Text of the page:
Define h : R - R by
h(x) = {x^2, x rational
h(x) = {0, x irrational
1. Prove that h is dierentiable at 0.
2. Prove that h is not continuous at c not = 0. You may use the fact that any
interval in R contains both rational and irrational points.
(Hint: Split the proof into two cases: one for c rational, the other for c irrational.)
3. Prove that h' is a function whose domain is {0} and that h" does not
exist.
Do as they tell you: split in tow cases, rational and irrational: if then there exists a sequence of rational points that --> c, but ALSO a sequence of irrational points that --> c . If f were continuous at c then f(x) --> f(c) no matter how we choose to make x --> c, but over rationals and over irrationals we get two different results.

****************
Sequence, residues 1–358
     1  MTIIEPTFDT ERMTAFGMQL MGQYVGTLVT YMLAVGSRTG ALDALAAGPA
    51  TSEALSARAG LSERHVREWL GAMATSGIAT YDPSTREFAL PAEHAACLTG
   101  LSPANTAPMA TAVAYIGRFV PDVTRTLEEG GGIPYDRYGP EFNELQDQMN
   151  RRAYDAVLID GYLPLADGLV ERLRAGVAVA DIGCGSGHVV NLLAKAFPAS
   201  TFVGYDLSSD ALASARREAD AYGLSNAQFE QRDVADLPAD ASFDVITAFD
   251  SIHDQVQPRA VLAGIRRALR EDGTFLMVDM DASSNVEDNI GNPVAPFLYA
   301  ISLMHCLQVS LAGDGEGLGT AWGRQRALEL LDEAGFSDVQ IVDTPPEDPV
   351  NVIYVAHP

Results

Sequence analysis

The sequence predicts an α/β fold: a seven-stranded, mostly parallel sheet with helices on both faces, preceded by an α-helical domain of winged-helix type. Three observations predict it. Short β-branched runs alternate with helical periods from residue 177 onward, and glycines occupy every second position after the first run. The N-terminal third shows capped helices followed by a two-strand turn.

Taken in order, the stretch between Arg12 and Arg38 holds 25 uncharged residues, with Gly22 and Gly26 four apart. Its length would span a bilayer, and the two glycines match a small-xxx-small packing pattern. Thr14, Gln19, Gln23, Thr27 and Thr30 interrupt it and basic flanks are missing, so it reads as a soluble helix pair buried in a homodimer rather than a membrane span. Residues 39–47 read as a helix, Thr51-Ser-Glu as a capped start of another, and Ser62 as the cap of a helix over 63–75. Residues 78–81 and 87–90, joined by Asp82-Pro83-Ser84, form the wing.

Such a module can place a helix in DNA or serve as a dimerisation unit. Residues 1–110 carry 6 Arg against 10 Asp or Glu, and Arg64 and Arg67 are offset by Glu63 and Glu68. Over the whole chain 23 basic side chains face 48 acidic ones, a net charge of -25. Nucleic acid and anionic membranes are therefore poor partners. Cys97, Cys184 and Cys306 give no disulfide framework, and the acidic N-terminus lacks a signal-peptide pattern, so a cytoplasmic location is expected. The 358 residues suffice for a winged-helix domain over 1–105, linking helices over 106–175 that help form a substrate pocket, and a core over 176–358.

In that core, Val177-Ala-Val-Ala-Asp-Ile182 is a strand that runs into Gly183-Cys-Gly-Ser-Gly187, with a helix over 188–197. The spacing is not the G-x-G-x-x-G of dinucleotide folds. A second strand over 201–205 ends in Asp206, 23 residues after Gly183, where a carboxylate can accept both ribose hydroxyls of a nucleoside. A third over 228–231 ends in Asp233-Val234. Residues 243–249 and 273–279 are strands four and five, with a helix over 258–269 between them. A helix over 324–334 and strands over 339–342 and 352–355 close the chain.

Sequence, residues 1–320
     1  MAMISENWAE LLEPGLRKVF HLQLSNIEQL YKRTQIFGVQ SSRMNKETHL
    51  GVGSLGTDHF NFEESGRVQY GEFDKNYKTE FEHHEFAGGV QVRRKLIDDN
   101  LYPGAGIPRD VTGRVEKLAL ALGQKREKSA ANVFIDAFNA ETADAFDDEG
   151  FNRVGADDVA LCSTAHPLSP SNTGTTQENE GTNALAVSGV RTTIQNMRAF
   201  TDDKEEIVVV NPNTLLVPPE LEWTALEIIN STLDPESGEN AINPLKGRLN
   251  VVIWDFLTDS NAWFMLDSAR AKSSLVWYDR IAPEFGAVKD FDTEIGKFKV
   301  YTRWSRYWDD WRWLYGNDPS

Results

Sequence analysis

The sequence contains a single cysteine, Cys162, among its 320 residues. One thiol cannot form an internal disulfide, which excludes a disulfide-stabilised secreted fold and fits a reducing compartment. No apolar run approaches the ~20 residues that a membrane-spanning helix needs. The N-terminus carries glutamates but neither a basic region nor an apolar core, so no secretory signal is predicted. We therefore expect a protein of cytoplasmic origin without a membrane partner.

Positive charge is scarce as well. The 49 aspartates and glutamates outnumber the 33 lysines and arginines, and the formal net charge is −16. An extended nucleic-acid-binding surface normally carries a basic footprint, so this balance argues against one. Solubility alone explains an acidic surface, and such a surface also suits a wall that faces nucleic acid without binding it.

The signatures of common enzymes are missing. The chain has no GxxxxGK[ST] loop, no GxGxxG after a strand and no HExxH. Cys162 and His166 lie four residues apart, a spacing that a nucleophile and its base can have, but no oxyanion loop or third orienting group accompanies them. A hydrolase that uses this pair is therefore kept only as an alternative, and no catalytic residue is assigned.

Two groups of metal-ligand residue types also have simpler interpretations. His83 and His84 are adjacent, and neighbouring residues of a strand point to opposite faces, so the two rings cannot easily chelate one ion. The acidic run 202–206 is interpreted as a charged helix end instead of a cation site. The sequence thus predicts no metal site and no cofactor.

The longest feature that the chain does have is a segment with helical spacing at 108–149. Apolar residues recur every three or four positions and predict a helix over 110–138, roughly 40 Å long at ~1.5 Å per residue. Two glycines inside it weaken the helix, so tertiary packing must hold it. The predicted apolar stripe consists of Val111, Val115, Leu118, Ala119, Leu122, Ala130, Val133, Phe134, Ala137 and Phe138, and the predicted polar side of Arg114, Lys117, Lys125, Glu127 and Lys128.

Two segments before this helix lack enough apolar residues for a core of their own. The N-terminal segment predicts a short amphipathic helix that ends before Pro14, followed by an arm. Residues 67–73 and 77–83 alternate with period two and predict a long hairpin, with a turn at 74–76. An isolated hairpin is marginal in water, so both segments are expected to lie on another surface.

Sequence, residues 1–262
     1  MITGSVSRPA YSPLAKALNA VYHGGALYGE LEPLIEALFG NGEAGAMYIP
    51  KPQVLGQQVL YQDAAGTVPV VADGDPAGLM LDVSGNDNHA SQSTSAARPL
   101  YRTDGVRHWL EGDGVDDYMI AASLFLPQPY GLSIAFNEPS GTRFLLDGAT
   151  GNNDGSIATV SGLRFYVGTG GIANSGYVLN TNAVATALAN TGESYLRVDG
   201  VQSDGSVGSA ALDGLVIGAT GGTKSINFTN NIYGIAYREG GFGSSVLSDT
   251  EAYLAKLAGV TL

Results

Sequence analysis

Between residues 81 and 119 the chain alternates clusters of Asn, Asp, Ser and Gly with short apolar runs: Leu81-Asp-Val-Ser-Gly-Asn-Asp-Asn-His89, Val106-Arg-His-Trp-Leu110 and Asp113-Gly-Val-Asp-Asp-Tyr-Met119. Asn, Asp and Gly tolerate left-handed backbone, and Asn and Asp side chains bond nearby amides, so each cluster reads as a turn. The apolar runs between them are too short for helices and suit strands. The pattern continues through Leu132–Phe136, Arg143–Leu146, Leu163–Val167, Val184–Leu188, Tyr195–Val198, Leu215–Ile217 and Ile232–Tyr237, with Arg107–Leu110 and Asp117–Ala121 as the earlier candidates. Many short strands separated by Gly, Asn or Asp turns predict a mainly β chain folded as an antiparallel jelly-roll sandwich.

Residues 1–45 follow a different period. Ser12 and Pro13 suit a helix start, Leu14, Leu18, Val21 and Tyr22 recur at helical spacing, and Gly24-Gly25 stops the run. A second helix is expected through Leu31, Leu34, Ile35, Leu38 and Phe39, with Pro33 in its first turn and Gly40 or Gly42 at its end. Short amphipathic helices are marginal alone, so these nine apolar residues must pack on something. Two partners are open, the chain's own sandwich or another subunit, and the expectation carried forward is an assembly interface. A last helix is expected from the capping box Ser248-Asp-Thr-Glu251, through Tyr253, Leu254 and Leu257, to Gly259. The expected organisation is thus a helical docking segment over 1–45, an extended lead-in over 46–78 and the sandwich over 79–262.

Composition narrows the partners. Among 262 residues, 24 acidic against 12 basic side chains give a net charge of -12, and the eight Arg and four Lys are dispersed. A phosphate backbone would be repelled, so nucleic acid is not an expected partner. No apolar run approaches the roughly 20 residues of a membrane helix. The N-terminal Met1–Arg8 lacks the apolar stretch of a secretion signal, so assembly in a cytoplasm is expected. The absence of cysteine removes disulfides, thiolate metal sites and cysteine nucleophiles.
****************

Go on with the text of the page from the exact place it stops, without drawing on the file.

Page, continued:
Tonio
Tonio was assuming that you knew that a function is differentiable at x= 0 if and only if exists. And that will be true if and only if exists and is the same for all sequences that converge to 0. Since a sequence will converge as long as subsequences converge, it is sufficient to consider sequences consistin only of rational numbers and only of irrational numbers.